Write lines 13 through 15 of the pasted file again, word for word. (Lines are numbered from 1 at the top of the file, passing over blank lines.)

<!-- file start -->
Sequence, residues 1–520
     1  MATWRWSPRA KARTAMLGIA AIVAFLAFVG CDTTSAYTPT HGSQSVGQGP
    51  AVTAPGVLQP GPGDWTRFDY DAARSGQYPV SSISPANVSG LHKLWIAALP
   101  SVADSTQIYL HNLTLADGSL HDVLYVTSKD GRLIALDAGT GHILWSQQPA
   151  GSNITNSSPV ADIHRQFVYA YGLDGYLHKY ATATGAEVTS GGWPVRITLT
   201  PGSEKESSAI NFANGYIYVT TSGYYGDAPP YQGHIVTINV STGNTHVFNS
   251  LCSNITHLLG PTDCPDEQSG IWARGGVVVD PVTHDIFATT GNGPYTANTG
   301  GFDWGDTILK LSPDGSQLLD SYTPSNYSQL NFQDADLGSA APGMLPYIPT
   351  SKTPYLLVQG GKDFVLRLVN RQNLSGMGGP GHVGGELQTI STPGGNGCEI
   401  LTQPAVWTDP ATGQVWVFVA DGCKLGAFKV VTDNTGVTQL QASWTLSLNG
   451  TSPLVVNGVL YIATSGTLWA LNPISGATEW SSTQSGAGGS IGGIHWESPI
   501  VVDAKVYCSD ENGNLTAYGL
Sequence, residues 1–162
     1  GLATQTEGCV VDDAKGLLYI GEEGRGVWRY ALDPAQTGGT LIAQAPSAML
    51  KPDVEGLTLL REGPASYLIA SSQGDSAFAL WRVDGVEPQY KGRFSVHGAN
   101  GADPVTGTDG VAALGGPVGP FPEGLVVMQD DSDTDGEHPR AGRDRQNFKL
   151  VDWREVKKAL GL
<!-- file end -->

Sequence, residues 1–162
     1  GLATQTEGCV VDDAKGLLYI GEEGRGVWRY ALDPAQTGGT LIAQAPSAML
    51  KPDVEGLTLL REGPASYLIA SSQGDSAFAL WRVDGVEPQY KGRFSVHGAN